show me how to be an angel,
I think I’ve been there before
before I found out what my hands could do
when they’re not pressed together anymore:

bring donuts for the office,
offer silence,
paint houses. mend fences.
pull the nails from my true love’s feet.
I placed them everywhere.
smile openly at strangers,
hold the door and inner bleating,
stop repeating anecdotes that expose the dark recesses
I’m engulfed in so I can save some space
for longing, for mystery,
for silence.
it’s the surprise that I can’t take.

I invite them to dinner,
ask them to bring a favorite song,
a defect they love.
I like strings and female wailing,
chords that are long, surfeit with unrequited love.
I want it to sound like a heart that’s starving for admission but will
take it with a snare drum.
I apologize profusely for how bright my apartment is these days.
I know you expected something darker, but I prefer a blinding scripture to the days I waded in shade and open constriction,
open haste.
they understand the situation,
and they offer me some gifts.
I waste the night with demands and curious
Show me all the books you love.
Recite your favorite lines.
Are you some sort of prodigy?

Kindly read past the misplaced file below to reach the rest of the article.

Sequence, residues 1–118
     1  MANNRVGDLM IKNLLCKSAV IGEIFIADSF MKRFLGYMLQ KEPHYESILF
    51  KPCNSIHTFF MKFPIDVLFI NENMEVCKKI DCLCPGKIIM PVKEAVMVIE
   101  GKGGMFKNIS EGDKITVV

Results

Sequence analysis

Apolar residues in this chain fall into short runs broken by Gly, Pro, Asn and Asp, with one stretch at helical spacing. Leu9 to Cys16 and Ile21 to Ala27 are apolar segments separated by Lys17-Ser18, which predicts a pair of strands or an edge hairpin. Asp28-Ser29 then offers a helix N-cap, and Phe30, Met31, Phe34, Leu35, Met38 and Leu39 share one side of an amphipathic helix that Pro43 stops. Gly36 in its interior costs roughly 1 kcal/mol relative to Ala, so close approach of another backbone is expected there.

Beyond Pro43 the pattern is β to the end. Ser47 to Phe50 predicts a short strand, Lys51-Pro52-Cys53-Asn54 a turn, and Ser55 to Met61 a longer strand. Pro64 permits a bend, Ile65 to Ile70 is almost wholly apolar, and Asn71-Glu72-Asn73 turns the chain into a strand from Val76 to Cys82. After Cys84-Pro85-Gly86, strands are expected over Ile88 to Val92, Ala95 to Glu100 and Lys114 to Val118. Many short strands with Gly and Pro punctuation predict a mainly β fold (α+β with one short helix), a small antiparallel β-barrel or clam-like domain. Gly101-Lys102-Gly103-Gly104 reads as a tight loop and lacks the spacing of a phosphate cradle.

I think the world is crawling with
caged geniuses that got lost along the way.
I need to see your insides and your
hands. Palms up to show you
aren’t hiding anything.
Are you the predator or prey?
Do you believe in martyrs;
do you believe that the devil traps the saints?
I’m no killer, I promise, but I’m
not the easy way.
Do you believe in chance?
I once watched my fate unfold across my eyelids,
two parties coming together in black and white,
a future that was possible, but someone whispered:
it is better to ruin this thing.
I believe in lessons.
There is no such thing as a mistake.

They show me teeth, piano, films. I show them
I show them a dozen ways to trample gardens,
I show them the drugs I bought,
show them my notepad:
do you see how I can write the future?
Look, I planted bombs everywhere.
I show them demolition.
I show them scribes can craft the wicked.
I show them what my insides look like.
I’m never naked for long but they need to see my
hopes. They need to know.
They know I’m a strange accidental channel and they ask
to see their grandma again.
They see my vacant stare.
I continue with the questions and they finally say:
Have you ever let a thought just pass?

So I repeat to them what I meant to say to you
the first time we met to explain
the danger of restriction.
 I’m pinned to pages
waiting for one of you to say




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